The ruling that came down from the Ministry of Natural Resources of the province of Ontario was that because a species known as the loggerhead shrike, or butcher bird, had a nesting site in one of the landowner's fields it would be impossible to develop any land within a 500 metre radius of that nesting site, notwithstanding the fact that the particular lot did not actually have any use for the relevant species or for the loggerhead shrike. The result was that this individual was unable to develop the land. The value of the land fell and the mortgage could not be renewed. I am actually not certain if the individual has lost the property yet but that is the expected result of this legislation.
I do not see why we would want to replicate this kind of flawed model at the federal level. What would have been the harm in providing that individual with compensation for that land?
There are low cost solutions that are available. As my colleague from Red Deer observed, it is possible to compensate someone for the loss of the use of a piece of property. It is also possible to help subsidize the cost of protecting that species if some form of active measure is needed. There is no reason why that should not be the way things are done.
In fact, under the voluntary system that has been developing in Canada we already see measures being taken that impose very limited costs on landowners and provide very effective compensation and very effective protection for the species. I am thinking in particular, if I may give another example, of an individual who lives near Greely, Ontario, just south of the city of Ottawa, who was approached by a private organization requesting that he agree to sign a covenant that a wetland on his property would never be used for development purposes. The individual agreed. That wetland is now protected and serves as a nesting site for ducks as they migrate from north to south and south to north. This kind of voluntarism that we see seems to be preferable.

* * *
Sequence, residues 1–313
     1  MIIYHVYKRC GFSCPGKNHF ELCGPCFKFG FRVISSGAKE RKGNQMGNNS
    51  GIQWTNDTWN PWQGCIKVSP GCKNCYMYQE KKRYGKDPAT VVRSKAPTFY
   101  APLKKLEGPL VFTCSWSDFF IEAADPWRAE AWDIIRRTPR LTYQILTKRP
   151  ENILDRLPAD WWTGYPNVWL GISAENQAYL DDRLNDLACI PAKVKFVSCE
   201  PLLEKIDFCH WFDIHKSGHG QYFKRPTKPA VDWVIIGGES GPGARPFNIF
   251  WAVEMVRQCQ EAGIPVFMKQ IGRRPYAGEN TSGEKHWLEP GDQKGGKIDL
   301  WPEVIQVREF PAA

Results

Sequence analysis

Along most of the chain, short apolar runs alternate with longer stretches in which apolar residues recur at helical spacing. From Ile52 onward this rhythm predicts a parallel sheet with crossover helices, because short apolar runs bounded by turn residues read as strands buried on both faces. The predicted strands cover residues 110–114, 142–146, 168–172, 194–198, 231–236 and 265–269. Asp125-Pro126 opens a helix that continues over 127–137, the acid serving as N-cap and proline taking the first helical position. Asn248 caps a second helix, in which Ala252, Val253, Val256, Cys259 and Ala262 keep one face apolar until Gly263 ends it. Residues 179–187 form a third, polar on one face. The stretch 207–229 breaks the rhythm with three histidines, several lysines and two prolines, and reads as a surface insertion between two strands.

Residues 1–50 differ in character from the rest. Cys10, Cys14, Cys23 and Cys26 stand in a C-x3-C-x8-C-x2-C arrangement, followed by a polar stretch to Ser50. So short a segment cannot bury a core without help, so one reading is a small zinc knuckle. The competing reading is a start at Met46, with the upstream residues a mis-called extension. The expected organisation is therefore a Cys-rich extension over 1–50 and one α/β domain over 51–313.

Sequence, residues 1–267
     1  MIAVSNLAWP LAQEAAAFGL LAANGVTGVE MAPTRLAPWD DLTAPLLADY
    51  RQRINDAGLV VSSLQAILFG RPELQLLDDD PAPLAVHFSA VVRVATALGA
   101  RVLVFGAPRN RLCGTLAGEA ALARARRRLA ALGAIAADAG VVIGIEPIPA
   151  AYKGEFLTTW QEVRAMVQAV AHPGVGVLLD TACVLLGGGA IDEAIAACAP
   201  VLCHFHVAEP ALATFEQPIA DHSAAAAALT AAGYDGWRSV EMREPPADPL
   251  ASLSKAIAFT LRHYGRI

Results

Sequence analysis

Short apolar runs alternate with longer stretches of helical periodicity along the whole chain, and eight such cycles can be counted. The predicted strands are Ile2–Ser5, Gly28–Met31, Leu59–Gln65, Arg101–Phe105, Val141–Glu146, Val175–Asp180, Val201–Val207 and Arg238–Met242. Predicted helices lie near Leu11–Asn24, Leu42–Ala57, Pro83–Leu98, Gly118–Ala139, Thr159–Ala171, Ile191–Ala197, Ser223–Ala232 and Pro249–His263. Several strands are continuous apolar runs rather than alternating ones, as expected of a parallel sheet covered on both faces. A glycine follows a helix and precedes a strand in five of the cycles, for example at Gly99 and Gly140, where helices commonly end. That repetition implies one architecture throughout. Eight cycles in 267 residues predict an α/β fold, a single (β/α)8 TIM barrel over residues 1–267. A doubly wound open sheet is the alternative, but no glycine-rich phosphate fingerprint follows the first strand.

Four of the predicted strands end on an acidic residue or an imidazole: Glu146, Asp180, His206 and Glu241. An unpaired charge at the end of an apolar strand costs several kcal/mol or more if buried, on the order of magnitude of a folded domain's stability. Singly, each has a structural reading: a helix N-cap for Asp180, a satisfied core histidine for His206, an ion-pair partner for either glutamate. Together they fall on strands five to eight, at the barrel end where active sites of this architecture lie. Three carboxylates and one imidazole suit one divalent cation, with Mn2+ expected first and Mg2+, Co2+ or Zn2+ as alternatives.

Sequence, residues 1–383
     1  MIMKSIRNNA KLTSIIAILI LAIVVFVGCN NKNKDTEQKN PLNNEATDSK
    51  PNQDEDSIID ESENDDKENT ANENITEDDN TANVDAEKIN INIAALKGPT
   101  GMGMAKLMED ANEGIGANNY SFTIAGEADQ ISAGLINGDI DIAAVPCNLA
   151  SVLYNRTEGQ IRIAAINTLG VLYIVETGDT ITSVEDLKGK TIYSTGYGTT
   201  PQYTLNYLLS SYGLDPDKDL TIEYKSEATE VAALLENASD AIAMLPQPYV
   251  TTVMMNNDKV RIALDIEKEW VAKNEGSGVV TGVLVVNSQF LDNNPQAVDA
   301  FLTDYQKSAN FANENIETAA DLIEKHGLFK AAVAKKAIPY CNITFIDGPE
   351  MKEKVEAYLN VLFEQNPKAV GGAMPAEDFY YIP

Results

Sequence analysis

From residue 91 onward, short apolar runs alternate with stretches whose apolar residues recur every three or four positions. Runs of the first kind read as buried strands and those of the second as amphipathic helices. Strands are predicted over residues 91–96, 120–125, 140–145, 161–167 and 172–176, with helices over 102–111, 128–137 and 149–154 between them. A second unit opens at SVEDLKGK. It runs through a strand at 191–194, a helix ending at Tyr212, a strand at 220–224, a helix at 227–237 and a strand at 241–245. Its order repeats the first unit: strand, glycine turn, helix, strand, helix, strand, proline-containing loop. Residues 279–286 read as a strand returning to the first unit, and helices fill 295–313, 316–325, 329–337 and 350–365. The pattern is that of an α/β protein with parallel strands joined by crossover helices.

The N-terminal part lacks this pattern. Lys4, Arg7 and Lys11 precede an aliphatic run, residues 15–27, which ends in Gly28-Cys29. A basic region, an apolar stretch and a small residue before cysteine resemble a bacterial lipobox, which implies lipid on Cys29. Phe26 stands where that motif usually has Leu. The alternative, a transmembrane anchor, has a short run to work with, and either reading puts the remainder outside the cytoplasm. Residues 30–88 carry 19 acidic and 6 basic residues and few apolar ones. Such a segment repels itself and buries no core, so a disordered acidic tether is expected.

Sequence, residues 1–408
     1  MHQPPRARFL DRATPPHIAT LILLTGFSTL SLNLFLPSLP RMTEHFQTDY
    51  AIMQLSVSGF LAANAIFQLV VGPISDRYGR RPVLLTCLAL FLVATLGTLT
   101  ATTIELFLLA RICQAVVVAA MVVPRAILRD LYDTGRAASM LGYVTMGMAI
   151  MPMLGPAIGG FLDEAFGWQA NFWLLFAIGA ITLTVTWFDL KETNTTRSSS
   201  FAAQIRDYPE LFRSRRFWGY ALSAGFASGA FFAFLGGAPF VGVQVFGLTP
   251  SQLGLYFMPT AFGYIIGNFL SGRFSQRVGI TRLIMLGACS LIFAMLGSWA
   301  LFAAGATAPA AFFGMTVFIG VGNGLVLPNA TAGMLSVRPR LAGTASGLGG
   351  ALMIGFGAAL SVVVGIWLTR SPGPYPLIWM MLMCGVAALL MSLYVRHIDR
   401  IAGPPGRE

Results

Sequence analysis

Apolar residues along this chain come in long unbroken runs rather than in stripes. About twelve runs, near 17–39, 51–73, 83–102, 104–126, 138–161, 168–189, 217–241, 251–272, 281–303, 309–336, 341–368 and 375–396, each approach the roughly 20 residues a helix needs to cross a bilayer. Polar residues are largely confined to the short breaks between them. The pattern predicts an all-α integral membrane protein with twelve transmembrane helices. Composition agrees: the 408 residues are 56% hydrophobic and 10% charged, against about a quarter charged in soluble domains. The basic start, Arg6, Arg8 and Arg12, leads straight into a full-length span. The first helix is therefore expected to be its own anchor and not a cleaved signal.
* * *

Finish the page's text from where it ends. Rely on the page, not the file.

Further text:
When the government wants to impose rules and national standards it certainly can do so for the benefit of the entire country, but only if it takes into account the responsibility and the willingness of people, in farming and in other rural occupations, to assist in conservation and only if it takes into account the fact that people, no matter how responsible they may be, are not likely to be as responsible when they are in danger of being driven out of business as they are when they are provided with some compensation.
Turning very quickly to the other amendment I propose, Motion No. 111 contemplates the amendment of the rules to permit individuals to have some compensation for legal costs. One of the unfortunate aspects of the elaborate bureaucracy that would be set up here is that it would allow a large government agency to go after small landowners who have limited resources. In order to defend their rights to their property and in order to seek compensation, they would have to go to court or through some form of arbitration process, which involves a considerable upfront expenditure.
If there is one thing that I think distinguishes people who are in farming it is that they tend not to be cash rich. Because of the nature of the business, they tend to be perpetually short of cash. Depending upon a lengthy process that may produce compensation for them at the end without allowing them to gain some kind of compensation for their legal costs more or less assures that they will be unable to pursue any compensation that is due to them. I think this requires an amendment to reflect the particularly difficult circumstances they find themselves in when faced with a powerful bureaucracy.
If I may, I would like to make one last comment regarding the issue of whether or not people could be prosecuted for unknowingly damaging a species. Clearly this is an unreasonable thing in this law. The law should say that one could not be prosecuted for harming an endangered species unless one knew about it. The idea that someone could accidently plough over a plant or destroy a nesting ground of some animal that he or she is unaware of is unacceptable under our system of law and within a civilized society.
I would strongly encourage members to consider adopting these amendments.